C. L. McCormick, R. S. Armentrout, G. C. Cannon, G. G. Martin

The Interactions of Hydrophobically-Modified Poly-(N-Isopropylacrylamides)with Liposomes

Abstract
The interactions between a random copolymer of N-isopropylacry amide (NIPAM), N-[4-(1-pyreny l)butyl]-N-n-octadecy lacry lamide and N-glycylacrylamide (Gly) (PNIPAM-Py-Gly) with a series of vesicles have been examined by fluorescence spectroscopy. The copolymer exhibits pH-sensitivity due to the carboxylic acid groups of the glycine residues (15 mol%), thermosensitivity due to the NIPAM residues (84 mol%), and amphiphilic characteristics due to the pyrenyl octadecyl moieties (1 mol%). In the presence of salts, complex formation was detected between the copolymer and cationic or anionic non-phospholipid liposomes based on the non-ionic surfactant, n-octadecyl-diethylene oxide ((EO)2CS18H37), and cationic phospholipid liposomes. Weak interaction was detected between the copolymer and neutral phospholipid liposomes under the same conditions. The binding of the copolymer to the liposomes is shown to be controlled primarily through hydrogen bond formation between the hydroxyl groups of the ((EO)2CS18H37) and the amide groups of the NIPAM residues, electrostatic interactions between the charged surfactants of the bilayer and the glycine residues and to, a lesser extent, by hydrophobic forces.
Françoise M. Winnik, Alla Polozova

Controlled Association of Macromolecules in Water: Hydrophobized Polymers and Proteins

Abstract
In living systems, the association of biopolymers such as DNA, polysaccharides and proteins is controlled in a noncovalent manner, such as by electrostatic interaction, hydrogen bonding, and hydrophobic association. The amphiphilicity of biopolymers is an important factor in their self-organization in water. Various polymer amphiphiles such as amphiphilic block copolymers and hydrophobized polymers have been synthesized, and the structure-function relationships of these self-assemblies have been studied.[1-3]. In artificial systems, however, macromolecular association is still difficult to control. The supramolecular assembly of macromolecules is important in various fields for designing new materials. We describe here our recent studies on the self-assembly of hydrophobized polymers where water-soluble polymers are partly substituted by hydrophobic molecules.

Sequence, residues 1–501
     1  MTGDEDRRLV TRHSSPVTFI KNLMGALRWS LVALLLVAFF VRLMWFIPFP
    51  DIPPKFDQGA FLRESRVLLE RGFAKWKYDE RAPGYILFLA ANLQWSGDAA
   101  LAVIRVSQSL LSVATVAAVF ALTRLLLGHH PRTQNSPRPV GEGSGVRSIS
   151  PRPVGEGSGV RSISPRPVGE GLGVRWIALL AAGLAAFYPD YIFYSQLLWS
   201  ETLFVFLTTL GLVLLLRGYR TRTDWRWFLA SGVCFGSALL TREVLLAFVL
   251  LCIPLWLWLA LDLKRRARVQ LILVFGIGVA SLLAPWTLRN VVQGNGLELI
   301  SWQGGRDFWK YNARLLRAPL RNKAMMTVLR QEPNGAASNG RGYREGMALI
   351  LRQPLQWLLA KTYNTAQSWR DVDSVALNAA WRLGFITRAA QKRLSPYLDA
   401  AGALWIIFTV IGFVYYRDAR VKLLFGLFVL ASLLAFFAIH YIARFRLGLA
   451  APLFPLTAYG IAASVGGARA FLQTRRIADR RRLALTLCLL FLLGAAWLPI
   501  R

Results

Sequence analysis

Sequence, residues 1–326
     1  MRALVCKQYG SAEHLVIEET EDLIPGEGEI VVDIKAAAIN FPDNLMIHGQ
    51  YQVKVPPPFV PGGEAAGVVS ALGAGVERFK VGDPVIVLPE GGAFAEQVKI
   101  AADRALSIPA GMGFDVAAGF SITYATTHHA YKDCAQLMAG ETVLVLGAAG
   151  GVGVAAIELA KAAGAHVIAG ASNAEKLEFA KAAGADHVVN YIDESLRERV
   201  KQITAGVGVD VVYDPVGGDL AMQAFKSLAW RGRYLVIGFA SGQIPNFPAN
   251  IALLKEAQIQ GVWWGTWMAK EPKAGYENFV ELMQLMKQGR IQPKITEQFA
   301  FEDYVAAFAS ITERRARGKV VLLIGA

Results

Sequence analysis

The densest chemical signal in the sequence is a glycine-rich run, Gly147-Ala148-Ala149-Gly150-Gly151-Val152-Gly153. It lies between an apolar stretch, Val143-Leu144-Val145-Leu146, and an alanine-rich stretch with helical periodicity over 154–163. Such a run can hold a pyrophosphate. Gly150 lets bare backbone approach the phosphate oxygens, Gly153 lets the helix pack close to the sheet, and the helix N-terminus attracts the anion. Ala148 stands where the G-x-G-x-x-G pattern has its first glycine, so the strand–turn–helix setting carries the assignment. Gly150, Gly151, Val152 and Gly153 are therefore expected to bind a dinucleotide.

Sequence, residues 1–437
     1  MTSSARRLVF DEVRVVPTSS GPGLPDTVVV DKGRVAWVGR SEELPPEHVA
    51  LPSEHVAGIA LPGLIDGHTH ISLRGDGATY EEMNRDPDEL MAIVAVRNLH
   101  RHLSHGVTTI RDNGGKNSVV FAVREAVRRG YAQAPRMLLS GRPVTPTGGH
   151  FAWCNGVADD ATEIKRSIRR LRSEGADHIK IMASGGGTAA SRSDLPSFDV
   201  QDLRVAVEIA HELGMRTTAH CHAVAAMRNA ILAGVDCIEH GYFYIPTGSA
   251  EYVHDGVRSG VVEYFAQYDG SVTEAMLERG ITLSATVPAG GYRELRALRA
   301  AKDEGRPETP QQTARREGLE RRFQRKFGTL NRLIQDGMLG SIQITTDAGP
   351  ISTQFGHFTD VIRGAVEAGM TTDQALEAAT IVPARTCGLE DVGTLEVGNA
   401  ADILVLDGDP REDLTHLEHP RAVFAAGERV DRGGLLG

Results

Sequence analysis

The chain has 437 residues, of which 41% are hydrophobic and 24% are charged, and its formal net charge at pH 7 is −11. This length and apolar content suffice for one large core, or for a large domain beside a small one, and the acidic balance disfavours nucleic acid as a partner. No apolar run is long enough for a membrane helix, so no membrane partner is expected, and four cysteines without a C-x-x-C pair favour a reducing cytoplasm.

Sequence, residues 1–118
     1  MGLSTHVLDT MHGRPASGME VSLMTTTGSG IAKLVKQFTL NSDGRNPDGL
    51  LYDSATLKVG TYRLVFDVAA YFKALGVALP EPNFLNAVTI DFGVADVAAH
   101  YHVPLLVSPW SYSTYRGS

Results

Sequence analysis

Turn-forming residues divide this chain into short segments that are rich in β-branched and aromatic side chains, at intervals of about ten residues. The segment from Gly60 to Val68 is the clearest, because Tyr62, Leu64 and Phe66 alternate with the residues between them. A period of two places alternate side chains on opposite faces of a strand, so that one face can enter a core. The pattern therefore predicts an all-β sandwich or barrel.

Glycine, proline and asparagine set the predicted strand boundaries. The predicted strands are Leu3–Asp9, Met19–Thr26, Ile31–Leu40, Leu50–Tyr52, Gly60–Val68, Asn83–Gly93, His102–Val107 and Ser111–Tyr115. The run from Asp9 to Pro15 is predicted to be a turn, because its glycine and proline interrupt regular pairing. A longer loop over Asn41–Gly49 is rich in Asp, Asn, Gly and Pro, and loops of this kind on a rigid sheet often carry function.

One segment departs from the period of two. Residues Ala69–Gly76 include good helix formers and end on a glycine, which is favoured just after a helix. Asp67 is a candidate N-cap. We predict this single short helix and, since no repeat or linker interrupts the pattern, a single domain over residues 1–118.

Kazunari Akiyoshi, Yoshihiro Sasaki, Kenichi Kuroda, Atushi Ueminami, Junzo Sunamoto

Macro to Microdynamics of Threadlike Micelles

Abstract
The dynamics of the entangling threadlike micelles formed with surfactants and additives in aqueous solution can be classified into three regimes. The first dynamics is the slowest one related to the entanglement release mechanism of threadlike micellar networks. The second dynamics is governed by bending motions of the threadlike micelle between entanglement points. These are macrodynamics of the threadlike micelle, which can be investigated by rheological techniques. The last dynamics of the threadlike micelle is micro dynamics, which is in time scale on the order of 10−9 s and is detectable by use of fluorescence probing techniques. Fast molecular motions for surfactants and additive molecules in the micelle are the origin of this dynamics. Rotational and translational motions for surfactants and additives in the threadlike micelle are twice slower than those in the spherical micelle.
Toshiyuki Shikata

Self-Organized Nanostructures with a Single Polymer Chain

Abstract